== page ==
Morrisons Milk for Farmers POS

PoS highlighting the changes will roll out next week

Morrisons is ramping up its support for British dairy farmers with a new dedicated milk supply group, new welfare commitments, and a pledge only UK farmers will benefit from the 10p a litre premium from its Milk for Farmers range.

The premium, previously shared across all of supplier Arla’s EU members, will now be distributed only among the new, 300-strong Dedicated Morrisons Dairy Group, which will supply the retailer with all of its liquid milk.

All members of the group will have to meet additional standards on animal welfare to qualify, and Morrisons has also created a “pool within a pool” of about 50 Arla farmers who will specifically supply the Milk for Farmers range.

This smaller group of direct suppliers would have to ensure (in a nod to the popularity of free-range milk) their cows are grazed outside for at least 120 days a year, and would benefit from an additional undisclosed payment, Morrisons said.

It comes on the eve of Milk for Farmers’ second anniversary, and represents a significant change for the brand, which has faced criticism in the past from some parts of the farming sector over Arla’s policy of sharing the premium with all its members across the EU.

In September 2015, Arla’s then UK boss Peter Giørtz-Carlsen told The Grocer the policy meant all members shared “the pain and the gain” of the supplier’s performance.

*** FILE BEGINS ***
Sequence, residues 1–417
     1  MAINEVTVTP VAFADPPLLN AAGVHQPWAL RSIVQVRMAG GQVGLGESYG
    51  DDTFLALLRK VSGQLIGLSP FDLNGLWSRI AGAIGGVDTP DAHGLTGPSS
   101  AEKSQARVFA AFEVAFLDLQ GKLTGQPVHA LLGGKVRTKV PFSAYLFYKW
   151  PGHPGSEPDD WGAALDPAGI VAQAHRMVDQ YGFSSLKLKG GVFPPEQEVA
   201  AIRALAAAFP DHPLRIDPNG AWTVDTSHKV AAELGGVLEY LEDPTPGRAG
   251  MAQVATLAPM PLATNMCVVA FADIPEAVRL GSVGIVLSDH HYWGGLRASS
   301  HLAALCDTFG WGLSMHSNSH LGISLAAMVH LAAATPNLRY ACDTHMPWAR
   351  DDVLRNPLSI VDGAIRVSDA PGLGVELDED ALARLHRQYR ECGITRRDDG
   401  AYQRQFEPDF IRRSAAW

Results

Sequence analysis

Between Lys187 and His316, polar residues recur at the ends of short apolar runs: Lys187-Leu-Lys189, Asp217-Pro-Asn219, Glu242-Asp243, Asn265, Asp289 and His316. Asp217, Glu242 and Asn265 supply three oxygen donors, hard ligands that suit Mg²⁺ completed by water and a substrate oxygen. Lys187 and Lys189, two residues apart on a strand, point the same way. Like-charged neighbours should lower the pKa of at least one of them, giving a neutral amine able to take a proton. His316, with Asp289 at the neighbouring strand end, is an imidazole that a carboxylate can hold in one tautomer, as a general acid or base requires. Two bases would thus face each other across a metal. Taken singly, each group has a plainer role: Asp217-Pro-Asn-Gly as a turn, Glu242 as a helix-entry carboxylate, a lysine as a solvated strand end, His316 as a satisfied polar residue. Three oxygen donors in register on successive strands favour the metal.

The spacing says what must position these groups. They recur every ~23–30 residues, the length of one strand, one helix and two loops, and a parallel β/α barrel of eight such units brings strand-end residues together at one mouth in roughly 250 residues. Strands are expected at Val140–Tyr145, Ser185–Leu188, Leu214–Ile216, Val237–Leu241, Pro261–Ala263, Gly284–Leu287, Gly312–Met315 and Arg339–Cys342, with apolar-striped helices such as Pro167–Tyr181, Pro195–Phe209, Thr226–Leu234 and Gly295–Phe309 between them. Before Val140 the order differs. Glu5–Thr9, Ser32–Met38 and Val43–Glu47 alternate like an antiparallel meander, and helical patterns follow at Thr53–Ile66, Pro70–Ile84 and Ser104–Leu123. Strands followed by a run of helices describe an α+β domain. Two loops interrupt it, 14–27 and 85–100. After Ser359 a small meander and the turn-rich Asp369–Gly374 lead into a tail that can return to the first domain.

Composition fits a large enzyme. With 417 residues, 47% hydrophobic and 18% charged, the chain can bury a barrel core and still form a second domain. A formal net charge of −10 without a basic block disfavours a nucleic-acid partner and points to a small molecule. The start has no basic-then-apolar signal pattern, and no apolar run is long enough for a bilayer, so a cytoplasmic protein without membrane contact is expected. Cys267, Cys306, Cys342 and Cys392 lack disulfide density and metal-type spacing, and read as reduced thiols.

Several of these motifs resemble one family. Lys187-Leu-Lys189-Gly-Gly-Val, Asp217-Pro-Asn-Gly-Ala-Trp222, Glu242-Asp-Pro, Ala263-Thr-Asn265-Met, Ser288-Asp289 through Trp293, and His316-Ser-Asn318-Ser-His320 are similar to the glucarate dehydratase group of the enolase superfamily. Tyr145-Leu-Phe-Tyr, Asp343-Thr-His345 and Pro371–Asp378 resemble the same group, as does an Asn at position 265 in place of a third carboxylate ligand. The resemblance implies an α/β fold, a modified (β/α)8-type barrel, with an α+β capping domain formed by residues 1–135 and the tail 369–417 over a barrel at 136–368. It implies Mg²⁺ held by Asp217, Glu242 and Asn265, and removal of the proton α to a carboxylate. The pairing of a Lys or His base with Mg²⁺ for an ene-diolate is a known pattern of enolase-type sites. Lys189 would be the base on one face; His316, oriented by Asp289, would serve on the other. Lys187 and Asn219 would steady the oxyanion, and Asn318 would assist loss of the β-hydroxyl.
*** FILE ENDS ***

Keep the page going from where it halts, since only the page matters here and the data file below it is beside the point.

However, an Arla spokeswoman insisted this week it had not changed its policy, adding the decision to only pay UK farmers the supplement was in response to Morrisons’ requirement for “added standards”, which “always come at a cost”.

The changes will be reflected in new packaging and PoS, which roll out next week, carrying messaging highlighting the 120-day grazing pledge and how Arla distributes the premium to ‘selected British farmers’.

“Some customers want to pay more to support dairy farmers and when we listen carefully, some also say they also want to buy milk from cows that have been let out to grass,” said Morrisons head of trading for dairy Steve Newbould.

While 120 days was below the 180 days stipulated by the Pasture Promise free-range scheme, a Morrisons spokesman added it was a “good minimum step”, and was “achievable in different geographical areas around the country”, with many farmers expected to go beyond 120 days.

The announcement was welcomed by NFU chief dairy adviser Sian Davies.

She said: “It’s positive that Morrisons, by developing specific dairy production standards, have found a way of offering a bonus to British dairy farmers that comply with those standards. We know that British consumers want to buy more British dairy products and want to support our hard working dairy farmers - and this scheme is another one that allows them to do so.”